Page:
Blaming the operating system for allowing people to create files with unusual characters in their names

Raymond Chen

Raymond

A security vulnerability report came in that claimed that Windows had a remote code execution vulnerability because it allows malicious characters in file names.

Specifically, they noted that if you created a Web server with an image upload page, and if an uploaded file contained a special character like an ampersand, then you could obtain remote code execution.

They included a complicated server-side script, but here’s the gist:

void OnFileUploaded(string path)
{
 system("dosomething.exe " + path);
}

A user could upload files with odd names like

x & logoff &.jpg
x & certutil -installcert -f badcert.jpg
x & sc stop server &.jpg

The resulting commands passed to the system function are

dosomething.exe x & logoff &.jpg
dosomething.exe x & certutil -installcert -f badcert.jpg
dosomething.exe x & sc stop server &.jpg

The ampersand is a CMD.EXE metacharacter for combining multiple commands into a single line, so each of the above lines is treated as multiple commands. The first is dosomething.exe x, which presumably fails because there is no file named x. The second is something dangerous. And sometimes there’s a third command .jpg which is probably going to fail with '.jpg' is not recognized as an internal or external command, operable program or batch file.

The finders claimed that this proves that ampersands in file names are a remote code execution vulnerability in Windows.

What we have here is a case of creating an insecure system and then being surprised that the system is insecure. The On­File­Uploaded function passes untrusted data directly to the system function without any attempt to sanitize it first. This is a classic injection attack (obXKCD), and it is the responsibility of code that builds commands out of strings to be alert to issues like this.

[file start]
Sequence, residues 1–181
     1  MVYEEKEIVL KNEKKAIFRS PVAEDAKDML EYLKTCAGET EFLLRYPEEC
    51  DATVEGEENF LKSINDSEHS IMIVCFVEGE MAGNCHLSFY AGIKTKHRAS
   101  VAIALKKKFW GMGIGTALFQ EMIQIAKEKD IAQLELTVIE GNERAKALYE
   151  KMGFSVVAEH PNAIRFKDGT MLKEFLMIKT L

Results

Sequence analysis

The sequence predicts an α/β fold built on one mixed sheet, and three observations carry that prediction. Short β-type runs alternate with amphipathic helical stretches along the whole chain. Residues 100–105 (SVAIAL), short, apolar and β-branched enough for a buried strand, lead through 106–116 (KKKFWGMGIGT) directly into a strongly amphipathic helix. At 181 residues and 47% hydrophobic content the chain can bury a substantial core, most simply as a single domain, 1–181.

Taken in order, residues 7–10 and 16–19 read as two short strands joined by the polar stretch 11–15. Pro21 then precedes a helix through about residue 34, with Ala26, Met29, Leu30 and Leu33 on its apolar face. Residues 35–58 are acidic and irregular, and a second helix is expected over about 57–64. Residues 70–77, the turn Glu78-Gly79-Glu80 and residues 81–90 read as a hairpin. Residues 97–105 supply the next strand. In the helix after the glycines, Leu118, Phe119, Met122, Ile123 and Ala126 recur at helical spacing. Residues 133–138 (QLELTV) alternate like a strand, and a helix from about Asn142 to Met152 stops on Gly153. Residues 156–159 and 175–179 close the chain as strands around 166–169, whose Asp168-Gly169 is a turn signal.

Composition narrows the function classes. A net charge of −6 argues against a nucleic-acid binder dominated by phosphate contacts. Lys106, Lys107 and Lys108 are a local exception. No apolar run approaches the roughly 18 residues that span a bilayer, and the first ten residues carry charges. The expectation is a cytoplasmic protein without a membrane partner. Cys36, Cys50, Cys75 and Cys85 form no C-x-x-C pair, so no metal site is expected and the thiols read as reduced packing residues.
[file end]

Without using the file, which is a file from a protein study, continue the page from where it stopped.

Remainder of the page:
You’d be best advised to avoid things that do their own level of nontrivial parsing over the generated command line. SQL commands and command lines are examples of this. In the above example, it would be better to run the dosomething.exe program directly and pass the file name (suitably quoted), to avoid any funny business with CMD.EXE command line parsing.¹

When we informed the finders that there was no Windows vulnerability here, they insisted that the issue they found is a critical remote code execution vulnerability, shared a paper they planned on presenting, and warned that publication could likely result in widespread attacks within hours of disclosure, resulting in compromised Windows systems around the globe.

I reviewed the paper and verified that it didn’t do anything beyond what they had described in their original report. We advised them that the vulnerability was in their Web server, not in Windows, and gave them permission to disclose.

As far as I can tell, they never did publish that paper anywhere.

Bonus chatter: They claimed that the issue could be fixed by simply adding the ampersand to the list of illegal file name characters. They forgot about the percent sign (for injecting environment variables), the caret (for escaping), and possibly even the apostrophe. They may also want to file vulnerabilty reports against unix since it is vulnerable to the exact same problem: If somebody takes an untrusted file name and injects into into a command passed to the system function, bad things can happen. It’s even worse on unix, because unix has almost no forbidden file name characters. Even a newline is a legal filename character! So go ahead, put a bitcoin miner in your file name, let the server do some real work for you.

¹ If you don’t trust yourself to quote potentially-malicious file names safely (and I don’t blame you), you could pass the file name some other way entirely, like via stdin or by putting the dangerous file name in a file, and passing that file as an indirect parameter: something.exe @indirect.

14 comments

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  • Avatar
    Andrew

    This is amazing. I’ve written code that runs on a web server and processes uploaded files but I don’t think I’ve ever used the file name provided by the client. If the file gets written to a file on the server at all, it’s probably named xyzE51F.tmp or similar. In fact, I once had to write my own version of Path.GetExtension() because the .NET Framework implementation barfs if you feed it a file name containing characters that are illegal on Windows, which isn’t much use when you could be dealing with files uploaded from a Mac or some flavour of UNIX.

    • Avatar
      Brian MacKay

      I’ve kept the same file name on uploads before (sometimes it’s useful). But, you run the name through a path and/or file name sanitizer (based on Path.GetInvalidFileNameChars and/or Path.GetInvalidPathChars). But, since all the characters in Raymond’s examples are legal, no sanitizing would likely happen.

  • Avatar
    J.O.

    Windows is insecure because it allows my child to use it, and someone could tell my child to type in a dangerous command, and I can’t be bothered to supervise them.